...................................... 46 5............................................................................................................................................................................................... 65 Appendix A ............2 5.......................................1 5.................................................................... 64 References ...................3 The Interleaving and Return to Zero approach used in this project .......................................................... 46 High Level Simulation Results ....................................................................................4...................................................................................... 55 Future Work ..................................................................................................................................................... 52 Transistor Level Simulation Results ....................................................................................... 68 4 ......................3 System Overview ....... 42 Chapter 5 Designed Direct digital frequency synthesizer .......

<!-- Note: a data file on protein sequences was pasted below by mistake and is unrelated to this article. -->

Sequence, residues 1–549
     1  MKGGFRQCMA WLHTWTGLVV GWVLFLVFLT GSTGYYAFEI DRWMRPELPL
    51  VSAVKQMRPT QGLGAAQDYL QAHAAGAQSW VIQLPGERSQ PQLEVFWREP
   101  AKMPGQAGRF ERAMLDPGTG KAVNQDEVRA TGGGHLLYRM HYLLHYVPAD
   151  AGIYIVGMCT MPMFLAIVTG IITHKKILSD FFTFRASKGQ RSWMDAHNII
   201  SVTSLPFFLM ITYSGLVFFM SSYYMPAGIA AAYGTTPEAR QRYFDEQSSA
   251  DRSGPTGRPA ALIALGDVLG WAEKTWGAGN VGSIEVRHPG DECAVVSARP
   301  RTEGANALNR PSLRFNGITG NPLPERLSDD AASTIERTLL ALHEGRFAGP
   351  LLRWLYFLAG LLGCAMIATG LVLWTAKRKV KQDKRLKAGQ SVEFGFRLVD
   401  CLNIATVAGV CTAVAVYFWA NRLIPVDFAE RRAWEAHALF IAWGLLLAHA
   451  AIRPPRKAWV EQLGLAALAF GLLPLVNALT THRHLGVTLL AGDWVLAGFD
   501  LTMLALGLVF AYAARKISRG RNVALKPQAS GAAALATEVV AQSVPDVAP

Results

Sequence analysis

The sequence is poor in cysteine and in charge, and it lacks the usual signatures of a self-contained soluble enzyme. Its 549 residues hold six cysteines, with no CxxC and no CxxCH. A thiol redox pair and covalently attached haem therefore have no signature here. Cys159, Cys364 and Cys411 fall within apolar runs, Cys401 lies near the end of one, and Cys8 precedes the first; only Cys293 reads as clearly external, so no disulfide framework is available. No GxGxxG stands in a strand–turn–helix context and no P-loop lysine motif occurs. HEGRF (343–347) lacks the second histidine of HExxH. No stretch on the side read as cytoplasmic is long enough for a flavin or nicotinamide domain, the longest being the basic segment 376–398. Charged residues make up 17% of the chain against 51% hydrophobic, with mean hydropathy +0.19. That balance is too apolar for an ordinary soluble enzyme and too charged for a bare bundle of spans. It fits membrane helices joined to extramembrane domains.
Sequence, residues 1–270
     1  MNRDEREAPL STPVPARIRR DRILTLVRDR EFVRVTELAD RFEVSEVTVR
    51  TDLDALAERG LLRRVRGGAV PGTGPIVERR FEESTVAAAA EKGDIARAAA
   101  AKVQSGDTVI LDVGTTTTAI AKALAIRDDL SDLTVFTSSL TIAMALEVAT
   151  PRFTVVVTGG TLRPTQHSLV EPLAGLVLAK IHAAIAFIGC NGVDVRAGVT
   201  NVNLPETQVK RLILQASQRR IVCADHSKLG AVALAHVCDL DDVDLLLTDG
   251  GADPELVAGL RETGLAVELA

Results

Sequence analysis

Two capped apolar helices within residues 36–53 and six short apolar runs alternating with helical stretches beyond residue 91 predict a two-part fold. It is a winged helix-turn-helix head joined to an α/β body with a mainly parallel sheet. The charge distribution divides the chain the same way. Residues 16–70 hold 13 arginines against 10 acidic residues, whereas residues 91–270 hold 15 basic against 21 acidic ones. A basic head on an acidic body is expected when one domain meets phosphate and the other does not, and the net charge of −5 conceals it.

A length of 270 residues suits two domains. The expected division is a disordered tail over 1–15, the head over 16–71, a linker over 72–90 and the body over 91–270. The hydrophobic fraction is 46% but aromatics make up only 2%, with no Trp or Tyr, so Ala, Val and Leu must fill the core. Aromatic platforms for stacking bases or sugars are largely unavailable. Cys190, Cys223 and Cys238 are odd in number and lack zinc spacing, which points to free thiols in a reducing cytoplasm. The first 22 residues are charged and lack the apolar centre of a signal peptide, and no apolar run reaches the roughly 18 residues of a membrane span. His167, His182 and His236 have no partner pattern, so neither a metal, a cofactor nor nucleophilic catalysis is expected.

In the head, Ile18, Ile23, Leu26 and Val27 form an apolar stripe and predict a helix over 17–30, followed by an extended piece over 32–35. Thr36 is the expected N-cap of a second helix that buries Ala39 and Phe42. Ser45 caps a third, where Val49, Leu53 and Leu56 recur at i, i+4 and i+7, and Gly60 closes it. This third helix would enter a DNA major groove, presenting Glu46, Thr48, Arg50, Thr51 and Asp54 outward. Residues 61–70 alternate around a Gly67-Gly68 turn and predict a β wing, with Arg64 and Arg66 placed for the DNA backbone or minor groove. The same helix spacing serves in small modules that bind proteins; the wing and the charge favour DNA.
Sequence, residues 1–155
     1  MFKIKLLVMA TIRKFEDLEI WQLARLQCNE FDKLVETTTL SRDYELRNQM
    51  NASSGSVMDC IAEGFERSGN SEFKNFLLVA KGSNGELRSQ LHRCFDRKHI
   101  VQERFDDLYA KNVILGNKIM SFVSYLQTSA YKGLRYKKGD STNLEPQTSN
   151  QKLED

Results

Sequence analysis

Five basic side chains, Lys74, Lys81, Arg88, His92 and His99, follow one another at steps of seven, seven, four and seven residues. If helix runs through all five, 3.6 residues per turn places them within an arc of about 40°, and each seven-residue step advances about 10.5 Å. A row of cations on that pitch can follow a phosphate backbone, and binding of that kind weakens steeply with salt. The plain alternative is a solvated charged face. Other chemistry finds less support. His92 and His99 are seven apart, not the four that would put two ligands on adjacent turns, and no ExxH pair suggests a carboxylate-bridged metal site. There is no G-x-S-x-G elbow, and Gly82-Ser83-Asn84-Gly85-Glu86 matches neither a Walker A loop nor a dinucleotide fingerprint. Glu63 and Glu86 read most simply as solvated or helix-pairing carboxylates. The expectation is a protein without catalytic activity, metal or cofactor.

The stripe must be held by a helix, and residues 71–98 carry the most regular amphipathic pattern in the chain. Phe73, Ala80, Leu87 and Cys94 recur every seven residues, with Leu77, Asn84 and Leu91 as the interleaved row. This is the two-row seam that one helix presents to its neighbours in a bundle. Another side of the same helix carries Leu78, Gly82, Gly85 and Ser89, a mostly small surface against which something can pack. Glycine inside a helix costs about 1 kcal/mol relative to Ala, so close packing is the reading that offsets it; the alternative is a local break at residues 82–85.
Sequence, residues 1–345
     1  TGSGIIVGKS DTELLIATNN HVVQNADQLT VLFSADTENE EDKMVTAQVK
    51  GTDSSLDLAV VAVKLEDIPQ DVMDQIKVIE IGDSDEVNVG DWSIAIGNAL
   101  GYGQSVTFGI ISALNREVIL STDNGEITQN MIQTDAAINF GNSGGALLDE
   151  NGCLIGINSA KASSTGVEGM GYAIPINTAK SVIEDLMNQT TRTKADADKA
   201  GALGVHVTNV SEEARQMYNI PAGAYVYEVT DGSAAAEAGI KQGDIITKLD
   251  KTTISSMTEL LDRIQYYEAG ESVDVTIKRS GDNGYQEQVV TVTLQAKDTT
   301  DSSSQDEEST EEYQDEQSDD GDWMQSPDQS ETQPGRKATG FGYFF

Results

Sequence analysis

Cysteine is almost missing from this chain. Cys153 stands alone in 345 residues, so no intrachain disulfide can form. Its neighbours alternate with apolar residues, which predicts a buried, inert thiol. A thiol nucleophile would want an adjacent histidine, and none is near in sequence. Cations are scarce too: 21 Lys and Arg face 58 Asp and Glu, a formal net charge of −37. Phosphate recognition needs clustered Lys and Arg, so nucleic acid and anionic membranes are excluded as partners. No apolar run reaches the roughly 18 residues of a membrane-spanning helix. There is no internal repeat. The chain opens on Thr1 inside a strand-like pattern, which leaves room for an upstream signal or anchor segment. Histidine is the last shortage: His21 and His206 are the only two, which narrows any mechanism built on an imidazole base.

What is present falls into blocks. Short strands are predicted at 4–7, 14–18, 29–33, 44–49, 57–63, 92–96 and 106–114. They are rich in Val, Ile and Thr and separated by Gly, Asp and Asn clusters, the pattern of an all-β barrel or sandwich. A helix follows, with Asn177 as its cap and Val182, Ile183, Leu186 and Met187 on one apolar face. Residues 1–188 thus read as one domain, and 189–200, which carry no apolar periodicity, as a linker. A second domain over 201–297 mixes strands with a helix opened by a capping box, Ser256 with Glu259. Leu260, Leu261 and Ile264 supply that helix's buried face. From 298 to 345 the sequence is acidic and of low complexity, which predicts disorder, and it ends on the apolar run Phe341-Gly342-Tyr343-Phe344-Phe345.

...................................... ............................................................................... Image replicas of the second DAC (b) and Image replicas of the Interleaved DACs (c) [21]............................................................................................ 54 Figure5-10 The SFDR versus FCW ................................................................................. .. 36 Figure 3-7............................................................................................. 20 Figure 2-8 Frequency response of DDFS (a) Ideal anti-aliasing filter (b)............ 35 Figure 3-6 Image replicas and nonlinearities in a DAC [9] ....................................... 54 Figure5-11 The sine wave generated with FCW=2.... 25 Figure3-1 DDFS Spur Sources [1]......................................... 20 Figure 2-7 N bit segmented current steering DAC ...................................................................................................................................................................................................... ................... ................................................................. .................................................................. 56 Figure 5-13 The output spectrum of DDFS MHz output frequency with 3.............................................. TSC transfer function (b) [18]...... 41 Figure4-3 Data and Hold Interleaving [9]............................... 43 Figure4-5 Image replicas of the first DAC (a )...................... 49 Figure 5-5 The Current Cell of Current Steering DAC .................. ............................ 40 Figure4-2 Data Interleaved DAC ............................................... ............... .......................... 22 Figure 2-9 DDFS Block Diagram using sine weighted DAC [2]..................................................... 47 Figure 5-3 The comparator of ADC ...... 44 Figure 4-6 Return-to-Zero Effect[21] ...............................2 GHz sampling frequency........................................................................................................... 47 Figure 5-4 The block diagram of sine weighted DAC......................................... using discharge transistors ...................................................... 55 Figure 5-12 The sine wave generated with FCW=2....................................... 47 Figure 5-2 The Block Diagram of Flash ADC ................................ 32 Figure 3-5 The Current Cell of Current Steering DAC .................................................................... .................... 19 Figure 2-6 N bit thermometer coded current steering DAC........... 52 Figure 5-8 The generated triangle and sine waves with FCW=1....................................................................... MHz and 3..............4 GHz sampling frequency ................................................... 24 Figure 2-10 DDFS Block Diagram using triangle to sine wave converter [3].......... 42 Figure4-4 Interleaved DAC block diagram [9]........................ ............................................... with 6.... ................................Table of Figures Figure2-3 Pipelined Phase Accumulator [18].. 51 Figure 5-7 Return to Zero................................................... 57 Figure 5-14 The spectrum of MHz.......... ........................... 36 Figure 4-1 Hold Interleaving DAC.............................................................................. .....................................75 GHz output frequency.......................................................................................... 16 Figure 2-4 Logic to exploit quarter wave symmetry [1]........................................................................................................ Realistic anti-aliasing filter (c) [5]................................................ ................... 29 Figure 3-3 Thermometer DAC with finite output current source impedance [7]..................................................................................... 18 Figure 2-5 N bit binary weighted current steering DAC........................................................ .................................................................................. MHz and 6............................................................................... ............................................................................................................................................................. ..... 50 Figure 5-6 The implemented System ....................... 25 Figure 2-11 TSC schematic (a).......................... 53 Figure5-9 The output spectrum of 1................ 45 Figure 5-1The block diagram of the designed DDFS................. 58 5 ......... The ZOH and Sinc function of DAC..................................................... .................................................................................... ........................................ 26 Figure 3-2 Transfer Characteristic of a DAC [20].............4 GHz sampling frequency...2 GHz sampling frequency.............................. 32 Figure 3-4 DAC’s full scale transition [20]...........................................